Once prisoners pay their debt to society, they are expected to reintegrate themselves back into their communities and adjust to becoming a regular citizen once again. Truth is that they are typically faced with much adversity for the rest of their lives. Many of their civil liberties are taken away from them. They cannot vote, receive federal welfare, public housing assistance, federal grants or support to go back to school, and even if they would like to pay for school out of pocket, it is nearly impossible to find a well-paying job as a convicted felon (Pinard 1214). In 2013, the unemployment rate former prisoners was 60 percent (“Mass Incarceration” 765). With little opportunity for personal growth, ex-felons usually return to the means of making a living that led to their incarceration in the first place, perpetuating the cycle of imprisonment, without the possibility of true rehabilitation.

The overrepresentation of minorities in prison is associated with a historical racial bias that has plagued the United States since its founding. It’s no secret that the United States, especially the antebellum plantations of the south, relied heavily upon slave labor to build a strong economy. After the Civil War, the passing of the 13th, 14th and 15th amendments, and the reconstruction era of the southern United States, the south remained resentful towards the African American population. As a result, the Jim Crow laws were enacted, segregating people of color from whites in schools, jobs, housing and public meeting areas. Also, ninety five percent of the prisoners found in the southern states penal system between 1865 and 1890 were African American (Small 899). They were leased out to businesses and farmers for labor purposes. Similarly, the purposeful concentration of minorities into poor communities, the lack of education provided, and the targeting of minorities by law enforcement through the “War on Drugs” is eerily reminiscent of the post-Civil War Southern states’ actions to disempower Black males.

Housing discrimination during the 20th century kept minorities within poorer communities. One such effort in the nineteen thirties was known as “red lining.” After the Great Depression, there was a need to reestablish the economy by strengthening the housing market, which was achieved through building new homes and writing new mortgages. The Home Owners Loan Corporation (HOLC), however, wanted to make sure that their investments were going to flourish. So, they hired local real-estate professionals in several different areas to create maps of the communities to assess risk. These “residential securities” maps were color coordinated to the degree of “risk” in a particular neighborhood. Red anywhere on these maps indicated higher risk; Red marked areas also happened to be poor minority communities, hence the name “red lining.” The HOLC then used these maps to channel mortgages away from these zones (Marshall 56). In 2010, census data revealed that several of these neighborhoods, such as those “redlined” in Louisville, KY, now have poverty rates above 40 percent. Also, 41 to 75 percent of the mortgage applications were denied between 2011 and 2013 for four of these neighborhoods (Marshall 56). Records from the U.S. Census Bureau from 1950 to 2000 show that the home ownership and the average home value for African Americans were consistently lower than the rest of the country. In 2000, the home ownership rate for African Americans was about 48 percent compared to 72 percent nationally (Loubert 20). Even today, valuable home ownership remains an elusive luxury for many African Americans.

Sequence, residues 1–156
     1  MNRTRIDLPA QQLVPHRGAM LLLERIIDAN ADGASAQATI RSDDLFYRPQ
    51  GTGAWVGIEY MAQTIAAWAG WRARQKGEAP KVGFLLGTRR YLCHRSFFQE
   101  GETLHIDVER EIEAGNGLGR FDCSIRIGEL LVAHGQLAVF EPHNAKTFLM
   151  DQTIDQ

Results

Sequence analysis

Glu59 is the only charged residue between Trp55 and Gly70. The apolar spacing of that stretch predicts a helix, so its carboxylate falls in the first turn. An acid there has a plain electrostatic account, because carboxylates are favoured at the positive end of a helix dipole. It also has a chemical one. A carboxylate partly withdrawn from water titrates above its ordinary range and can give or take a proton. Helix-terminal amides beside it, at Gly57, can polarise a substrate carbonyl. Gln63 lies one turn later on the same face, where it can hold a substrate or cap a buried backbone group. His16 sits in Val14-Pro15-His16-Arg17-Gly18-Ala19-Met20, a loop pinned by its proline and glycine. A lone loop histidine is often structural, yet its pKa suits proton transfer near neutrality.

The lack of an education is also another factor that keeps minorities living within poor areas. Education today is not blatantly denied, as it was during slavery and Jim Crow, but schools in poor minority neighborhoods are not funded as well as schools in more affluent areas. In the late 19th and early 20th century, funding was purposefully channeled away from schools African Americans attended, but now, it is done more discreetly. In many cases, funding for public schools comes from local property taxes. Therefore, when property values are low, such as in “redlined” areas, there is much less money for local schools (Loubert 19-20). African Americans also suffer from wage inequality; the average black man makes about 20 to 25 percent less than his white counterpart.  Consequently, African American families that cannot afford better homes, or cannot get a loan in a better neighborhood, are subjected to having their children attend these poorly funded schools. Without a proper education, teens within poor minority communities are more likely to rely on illegal drug activity for financial support, than to finish their K-12 schooling and find a proper job. This illegal activity and lack of education is indicated by statistics showing that 70 percent of the U.S. prison population is illiterate (Balboni). Ironically, each state in the U.S. spent three times more per pupil for prisoners than they did for public school students, according to a 2003 Children’s Defense Fund report (Lanier 172). The likelihood an individual will do time in prison at some point in his or her life is not only an issue of race and poverty, but the level of educational attainment. Living in poorer communities with underfunded public schools almost guarantees minority students will lack the education and functional literacy they need to find gainful employment.